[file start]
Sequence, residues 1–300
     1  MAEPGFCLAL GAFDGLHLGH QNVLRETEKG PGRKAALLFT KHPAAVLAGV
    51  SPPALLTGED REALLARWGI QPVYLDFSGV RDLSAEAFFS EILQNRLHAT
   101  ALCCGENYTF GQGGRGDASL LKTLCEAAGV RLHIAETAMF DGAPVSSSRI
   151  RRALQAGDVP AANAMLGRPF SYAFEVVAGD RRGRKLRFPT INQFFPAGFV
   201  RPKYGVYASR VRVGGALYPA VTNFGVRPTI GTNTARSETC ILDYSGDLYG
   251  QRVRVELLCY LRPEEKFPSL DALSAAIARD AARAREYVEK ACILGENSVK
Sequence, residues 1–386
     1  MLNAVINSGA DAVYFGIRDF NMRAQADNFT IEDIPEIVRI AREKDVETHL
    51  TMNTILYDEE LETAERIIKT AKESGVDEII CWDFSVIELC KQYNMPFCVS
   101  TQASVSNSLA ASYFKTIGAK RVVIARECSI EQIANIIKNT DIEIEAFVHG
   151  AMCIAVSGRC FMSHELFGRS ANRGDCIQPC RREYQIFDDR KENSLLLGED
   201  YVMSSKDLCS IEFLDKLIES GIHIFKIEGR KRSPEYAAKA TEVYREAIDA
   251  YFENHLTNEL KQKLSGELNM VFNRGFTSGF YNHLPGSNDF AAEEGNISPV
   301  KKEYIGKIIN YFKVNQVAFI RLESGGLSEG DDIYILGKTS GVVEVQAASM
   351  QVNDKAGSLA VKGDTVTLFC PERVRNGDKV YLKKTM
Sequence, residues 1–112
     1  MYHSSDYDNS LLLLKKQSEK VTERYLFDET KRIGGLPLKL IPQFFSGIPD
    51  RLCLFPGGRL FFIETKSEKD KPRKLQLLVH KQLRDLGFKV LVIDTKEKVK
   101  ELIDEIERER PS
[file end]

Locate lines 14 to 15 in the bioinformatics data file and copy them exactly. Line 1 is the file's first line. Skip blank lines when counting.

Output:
   251  YFENHLTNEL KQKLSGELNM VFNRGFTSGF YNHLPGSNDF AAEEGNISPV
   301  KKEYIGKIIN YFKVNQVAFI RLESGGLSEG DDIYILGKTS GVVEVQAASM